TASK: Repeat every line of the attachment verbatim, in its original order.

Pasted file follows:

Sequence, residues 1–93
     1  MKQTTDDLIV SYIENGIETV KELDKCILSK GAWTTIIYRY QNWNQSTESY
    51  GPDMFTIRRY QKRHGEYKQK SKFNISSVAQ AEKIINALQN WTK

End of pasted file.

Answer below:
Sequence, residues 1–93
     1  MKQTTDDLIV SYIENGIETV KELDKCILSK GAWTTIIYRY QNWNQSTESY
    51  GPDMFTIRRY QKRHGEYKQK SKFNISSVAQ AEKIINALQN WTK